Date of Award

Spring 2022

Document Type

Open Access Dissertation

Department

Chemical Engineering

First Advisor

William E. Mustain

Abstract

Anion exchange membrane fuel cells (AEMFCs) have recently seen significant growth in interest as their achievable current density, peak power density, and longevity have been dramatically improved. Though these advances in performance have been important for demonstrating the feasibility of the technology, nearly all AEMFCs reported in the literature have required a relatively high loading of platinum group metal (PGM)- based catalysts at both the anode and cathode electrodes. However, to take command of the low-temperature fuel cell market, AEMFCs cannot simply reach the same performance as incumbent proton exchange membrane fuel cells (PEMFCs), which have had decades of development and investment. AEMFCs must realize their most widely quoted advantage over PEMFCs and be produced at a much lower cost than PEMFCs. All reasonable pathways to acceptably low cost involve reducing the PGM loading in both electrodes. At the cathode, highly performing PGM-free catalysts exist, as will be shown in this work. At the anode; however, there are no practical contenders that exist to replace PGM-based catalysts. Hence, the most practical approach is to create transitional catalysts with ultralow PGM content until future PGM-free catalysts can be realized.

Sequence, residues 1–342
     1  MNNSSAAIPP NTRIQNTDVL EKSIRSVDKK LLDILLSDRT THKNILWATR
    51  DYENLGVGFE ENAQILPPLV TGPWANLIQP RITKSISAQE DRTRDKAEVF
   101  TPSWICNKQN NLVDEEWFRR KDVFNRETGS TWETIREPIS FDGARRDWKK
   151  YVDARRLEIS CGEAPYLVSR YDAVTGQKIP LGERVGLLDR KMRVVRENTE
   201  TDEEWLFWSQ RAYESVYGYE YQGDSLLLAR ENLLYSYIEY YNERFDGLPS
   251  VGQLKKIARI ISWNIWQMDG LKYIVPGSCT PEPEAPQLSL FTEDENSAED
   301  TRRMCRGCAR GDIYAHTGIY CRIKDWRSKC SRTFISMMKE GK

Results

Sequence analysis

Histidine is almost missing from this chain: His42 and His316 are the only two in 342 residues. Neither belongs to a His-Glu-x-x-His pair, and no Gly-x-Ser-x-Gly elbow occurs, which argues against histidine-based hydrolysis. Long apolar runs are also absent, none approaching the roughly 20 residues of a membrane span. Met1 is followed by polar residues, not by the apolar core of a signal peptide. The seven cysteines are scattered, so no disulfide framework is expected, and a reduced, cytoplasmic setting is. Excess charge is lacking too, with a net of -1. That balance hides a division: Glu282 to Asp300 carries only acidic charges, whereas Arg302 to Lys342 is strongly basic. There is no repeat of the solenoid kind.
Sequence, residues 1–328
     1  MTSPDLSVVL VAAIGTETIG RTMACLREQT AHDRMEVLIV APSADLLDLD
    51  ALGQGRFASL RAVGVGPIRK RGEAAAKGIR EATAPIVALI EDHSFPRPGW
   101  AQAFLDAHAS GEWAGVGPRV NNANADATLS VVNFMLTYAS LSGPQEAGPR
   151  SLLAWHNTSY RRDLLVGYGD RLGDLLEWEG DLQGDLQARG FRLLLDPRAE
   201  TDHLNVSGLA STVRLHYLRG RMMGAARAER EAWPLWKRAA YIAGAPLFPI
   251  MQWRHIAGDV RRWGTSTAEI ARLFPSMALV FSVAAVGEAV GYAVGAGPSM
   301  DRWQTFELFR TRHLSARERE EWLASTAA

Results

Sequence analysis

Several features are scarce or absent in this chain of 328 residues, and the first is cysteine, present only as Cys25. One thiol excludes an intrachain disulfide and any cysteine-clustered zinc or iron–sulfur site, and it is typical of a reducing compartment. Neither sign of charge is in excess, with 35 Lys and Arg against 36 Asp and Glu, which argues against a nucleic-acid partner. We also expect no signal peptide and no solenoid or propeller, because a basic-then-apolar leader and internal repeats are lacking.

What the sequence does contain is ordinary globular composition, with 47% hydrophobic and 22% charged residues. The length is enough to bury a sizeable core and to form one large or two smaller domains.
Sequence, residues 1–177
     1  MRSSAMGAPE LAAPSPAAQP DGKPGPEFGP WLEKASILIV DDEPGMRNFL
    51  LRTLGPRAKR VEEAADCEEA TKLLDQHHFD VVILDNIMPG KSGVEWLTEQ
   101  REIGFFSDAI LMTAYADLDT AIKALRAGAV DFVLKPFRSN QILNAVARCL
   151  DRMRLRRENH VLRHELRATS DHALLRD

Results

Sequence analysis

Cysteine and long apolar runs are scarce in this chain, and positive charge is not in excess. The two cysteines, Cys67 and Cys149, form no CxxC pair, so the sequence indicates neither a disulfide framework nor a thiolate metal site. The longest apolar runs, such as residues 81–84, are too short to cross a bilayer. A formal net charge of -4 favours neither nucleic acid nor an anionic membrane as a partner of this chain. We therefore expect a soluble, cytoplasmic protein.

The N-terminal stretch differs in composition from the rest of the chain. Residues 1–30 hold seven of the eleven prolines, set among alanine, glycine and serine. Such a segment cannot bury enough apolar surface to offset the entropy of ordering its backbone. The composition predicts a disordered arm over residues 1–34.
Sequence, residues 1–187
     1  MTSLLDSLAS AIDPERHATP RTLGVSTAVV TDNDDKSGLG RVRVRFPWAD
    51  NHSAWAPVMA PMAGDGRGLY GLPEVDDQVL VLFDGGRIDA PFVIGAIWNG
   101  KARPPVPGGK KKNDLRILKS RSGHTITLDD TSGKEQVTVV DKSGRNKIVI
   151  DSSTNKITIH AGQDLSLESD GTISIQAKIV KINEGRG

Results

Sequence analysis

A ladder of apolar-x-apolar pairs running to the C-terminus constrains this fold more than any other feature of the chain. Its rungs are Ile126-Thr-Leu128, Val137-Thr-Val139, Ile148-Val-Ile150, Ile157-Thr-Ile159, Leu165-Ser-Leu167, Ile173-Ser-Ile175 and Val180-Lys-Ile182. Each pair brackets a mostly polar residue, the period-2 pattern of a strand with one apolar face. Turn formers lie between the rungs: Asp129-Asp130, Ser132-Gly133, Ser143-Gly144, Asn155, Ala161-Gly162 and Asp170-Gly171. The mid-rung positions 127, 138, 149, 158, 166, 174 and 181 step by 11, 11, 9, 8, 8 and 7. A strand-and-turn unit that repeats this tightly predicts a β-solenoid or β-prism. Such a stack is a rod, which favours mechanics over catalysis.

Therefore, my dissertation has focused on understating the parameters that improve the performance and durability of low-PGM and PGM-free catalysts in AEMFCs. This has been achieved through two different approaches. First, low-PGM catalysts were synthesized using a new, simple, Controlled Surface Tension (CST) method. This allowed for the derived materials to have a high density of well-dispersed multi atom Pt and PtRu clusters. These materials were characterized using a wide array of techniques, including xray diffraction (XRD), transmission electron microscopy (TEM), high-resolution Cs aberration-corrected scanning transmission electron microscopy (STEM). They were also tested for their hydrogen oxidation reaction (HOR) and oxygen reduction reaction (ORR) activity and their in-situ behavior in operating AEMFCs. With this new generation of lowPGM materials, it was possible to reduce the PGM loading by a factor of 14 while achieving comparable performance to commercial catalysts. The second approach was to investigate the effect of structure on the behavior of Fe-N-C catalysts as the ORR cathode. It was demonstrated that single atoms are indeed the most active and important components. It is also shown that the physical properties of the carbon structure (porosity and graphitization) play a role in determining the operando ORR performance in AEMFCs. It will be shown that it is possible to create AEMFCs that meet both new and long-standing DOE targets, achieve a peak power density > 2.0 W/cm2 and a kinetic current at 0.9 V (iRfree) of 100 mA/cm2 . Finally, cells were assembled with ultralow PGM loading, where CST-PtRu/NC anodes were paired with Fe–N–C cathodes, which allowed for the demonstration of cells with a specific power of 25 W per mg PGM (40 W per mg Pt).

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